Chancery causes from the Superior Court of Chancery period offer personal accounts of the War of 1812 and its impact on the local community and Commonwealth. In chancery cause 1814-001, Petition of Edmund Martin by c vs. Lt. Joseph Barnett, the parents of the plaintiff, who lived in Pittsylvania County, attempted to prevent their son from enlisting in the militia during the War of 1812, claiming he was underage. The suit 1818-005, Paulus A.E. Irving vs. Samuel Garland, etc., includes a letter written by the plaintiff in which he remarked about how Campbell, Amherst, and Bedford counties were “literally drained of malitia (sic) and infantry” in late 1814. And, in 1819-007, Josiah P. Moon vs. Richard North, etc., the plaintiff in his bill of complaint writes about the British attack on Washington, D.C., and the British threat to the city of Richmond that forced the governor to call out the militia to protect the city.
The most valuable aspect of the Superior Court of Chancery era of the Lynchburg chancery is the tremendous amount of African American history found in the collection. Lynchburg and the surrounding localities had one of the largest African American populations, both free and enslaved, in the Commonwealth. Consequently, the Lynchburg chancery causes are rich in African Americans narratives. Causes involving African Americans found in the collection include freedom suits (1816-003: Thomas Johnson vs Isaac, an enslaved man), division of enslaved people (1822-018: Edward H. Carter, etc. vs. Hill Carter, etc.), and fraudulent sales of enslaved people (1825-001: Joseph Dillard vs. Admr. of Thomas Clasby). Many of the records used as exhibits in the causes include names, ages, and family relationships. They also record narratives of physical abuse, separation of families, and efforts to pursue freedom.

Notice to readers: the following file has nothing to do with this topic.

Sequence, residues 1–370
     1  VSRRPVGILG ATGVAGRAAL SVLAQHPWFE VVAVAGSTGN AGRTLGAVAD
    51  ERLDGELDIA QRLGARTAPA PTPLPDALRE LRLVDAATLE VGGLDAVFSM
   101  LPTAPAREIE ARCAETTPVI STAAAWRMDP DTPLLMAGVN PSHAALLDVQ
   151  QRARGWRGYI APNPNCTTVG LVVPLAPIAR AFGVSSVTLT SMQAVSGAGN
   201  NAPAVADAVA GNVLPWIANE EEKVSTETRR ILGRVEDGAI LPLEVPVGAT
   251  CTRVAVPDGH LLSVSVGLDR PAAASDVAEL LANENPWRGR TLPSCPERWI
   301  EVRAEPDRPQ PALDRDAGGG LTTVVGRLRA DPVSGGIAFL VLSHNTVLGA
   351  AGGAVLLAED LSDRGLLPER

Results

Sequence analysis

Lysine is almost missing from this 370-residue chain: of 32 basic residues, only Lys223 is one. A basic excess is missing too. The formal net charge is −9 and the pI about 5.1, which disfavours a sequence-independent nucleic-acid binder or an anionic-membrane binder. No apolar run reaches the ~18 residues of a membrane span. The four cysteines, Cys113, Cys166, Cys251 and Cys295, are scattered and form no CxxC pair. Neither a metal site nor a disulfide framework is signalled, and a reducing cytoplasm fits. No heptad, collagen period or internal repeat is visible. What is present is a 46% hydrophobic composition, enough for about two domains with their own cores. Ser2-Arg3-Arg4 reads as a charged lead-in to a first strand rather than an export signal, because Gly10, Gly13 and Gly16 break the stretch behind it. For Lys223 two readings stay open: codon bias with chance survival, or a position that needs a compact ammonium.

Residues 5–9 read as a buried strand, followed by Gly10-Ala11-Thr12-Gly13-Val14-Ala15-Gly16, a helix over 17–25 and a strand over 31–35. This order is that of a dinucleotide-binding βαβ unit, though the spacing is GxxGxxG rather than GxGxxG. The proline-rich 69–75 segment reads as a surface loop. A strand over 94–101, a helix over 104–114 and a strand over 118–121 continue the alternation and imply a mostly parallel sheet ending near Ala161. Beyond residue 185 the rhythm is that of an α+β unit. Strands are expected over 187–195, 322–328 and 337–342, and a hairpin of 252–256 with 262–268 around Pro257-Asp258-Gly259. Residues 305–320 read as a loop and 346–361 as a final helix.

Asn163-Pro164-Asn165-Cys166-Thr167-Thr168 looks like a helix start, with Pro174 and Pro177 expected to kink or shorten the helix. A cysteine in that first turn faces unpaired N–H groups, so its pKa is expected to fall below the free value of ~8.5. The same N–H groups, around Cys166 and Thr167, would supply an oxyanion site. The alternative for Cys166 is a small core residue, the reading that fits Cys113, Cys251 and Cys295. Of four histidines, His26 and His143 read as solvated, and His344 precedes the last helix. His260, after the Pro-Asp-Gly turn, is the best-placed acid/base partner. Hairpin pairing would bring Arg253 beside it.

Also springing from this valuable trove are two suits which are particularly noteworthy because they contain extensive African American genealogy. The cause 1821-033, Charles Evans, etc. vs. Lewis B. Allen is a freedom suit in which the plaintiffs claimed to be free on the basis that their ancestor Jane Gibson was a Native American. The plaintiffs submitted genealogical charts that traced their family lineage back six generations and across multiple localities. In 1823-039, John Alcock, etc. vs. Exrs. of William Cabell, the Elder, concerns the division of enslaved people as part of an estate. All of these individuals were descendants of an enslaved woman named Daphney. Her original enslavers lived in Caroline County in the 1750s. The cause records the names of Daphney’s descendants, their date of birth, to whom they were sold, and where they lived, including the states of Tennessee and North Carolina.
Genealogy chart of Jane Gibson. Lynchburg City, Chancery Causes, 1821-033, Charles Evans, etc. vs. Lewis B. Allen. Local Government Records Collection, Library of Virginia, Richmond, Va.
A more extensive list of causes involving African Americans can be found in the finding aid for Lynchburg chancery causes on Virginia Heritage.
The processing and scanning of the Lynchburg County chancery causes, 1805-1827, was made possible by funding from the innovative Circuit Court Records Preservation Program (CCRP), a cooperative program between the Library of Virginia and the Virginia Court Clerks Association (VCCA), which seeks to preserve the historic records found in Virginia’s circuit courts. The project is the 79th digital chancery collection added to the Chancery Records Index.